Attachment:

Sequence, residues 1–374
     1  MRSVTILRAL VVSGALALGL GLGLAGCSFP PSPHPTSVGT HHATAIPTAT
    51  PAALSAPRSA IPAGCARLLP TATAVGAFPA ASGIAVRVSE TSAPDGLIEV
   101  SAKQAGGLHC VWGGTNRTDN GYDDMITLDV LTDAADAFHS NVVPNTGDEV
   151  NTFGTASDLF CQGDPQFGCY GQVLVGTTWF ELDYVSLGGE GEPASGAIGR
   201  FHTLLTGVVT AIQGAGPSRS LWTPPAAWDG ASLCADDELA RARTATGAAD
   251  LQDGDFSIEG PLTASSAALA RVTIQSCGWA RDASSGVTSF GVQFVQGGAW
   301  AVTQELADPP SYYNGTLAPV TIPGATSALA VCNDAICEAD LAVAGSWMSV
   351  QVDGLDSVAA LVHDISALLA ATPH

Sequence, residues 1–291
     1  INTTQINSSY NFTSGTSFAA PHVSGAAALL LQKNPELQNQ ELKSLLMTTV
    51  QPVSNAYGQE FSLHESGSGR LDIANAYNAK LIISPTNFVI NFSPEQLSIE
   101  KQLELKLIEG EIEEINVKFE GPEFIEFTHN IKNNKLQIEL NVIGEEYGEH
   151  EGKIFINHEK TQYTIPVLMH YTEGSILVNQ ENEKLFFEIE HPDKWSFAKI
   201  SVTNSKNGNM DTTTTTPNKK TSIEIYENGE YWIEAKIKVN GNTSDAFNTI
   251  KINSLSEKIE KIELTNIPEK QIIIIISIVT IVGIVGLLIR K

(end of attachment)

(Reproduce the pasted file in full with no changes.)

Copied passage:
Sequence, residues 1–374
     1  MRSVTILRAL VVSGALALGL GLGLAGCSFP PSPHPTSVGT HHATAIPTAT
    51  PAALSAPRSA IPAGCARLLP TATAVGAFPA ASGIAVRVSE TSAPDGLIEV
   101  SAKQAGGLHC VWGGTNRTDN GYDDMITLDV LTDAADAFHS NVVPNTGDEV
   151  NTFGTASDLF CQGDPQFGCY GQVLVGTTWF ELDYVSLGGE GEPASGAIGR
   201  FHTLLTGVVT AIQGAGPSRS LWTPPAAWDG ASLCADDELA RARTATGAAD
   251  LQDGDFSIEG PLTASSAALA RVTIQSCGWA RDASSGVTSF GVQFVQGGAW
   301  AVTQELADPP SYYNGTLAPV TIPGATSALA VCNDAICEAD LAVAGSWMSV
   351  QVDGLDSVAA LVHDISALLA ATPH

Sequence, residues 1–291
     1  INTTQINSSY NFTSGTSFAA PHVSGAAALL LQKNPELQNQ ELKSLLMTTV
    51  QPVSNAYGQE FSLHESGSGR LDIANAYNAK LIISPTNFVI NFSPEQLSIE
   101  KQLELKLIEG EIEEINVKFE GPEFIEFTHN IKNNKLQIEL NVIGEEYGEH
   151  EGKIFINHEK TQYTIPVLMH YTEGSILVNQ ENEKLFFEIE HPDKWSFAKI
   201  SVTNSKNGNM DTTTTTPNKK TSIEIYENGE YWIEAKIKVN GNTSDAFNTI
   251  KINSLSEKIE KIELTNIPEK QIIIIISIVT IVGIVGLLIR K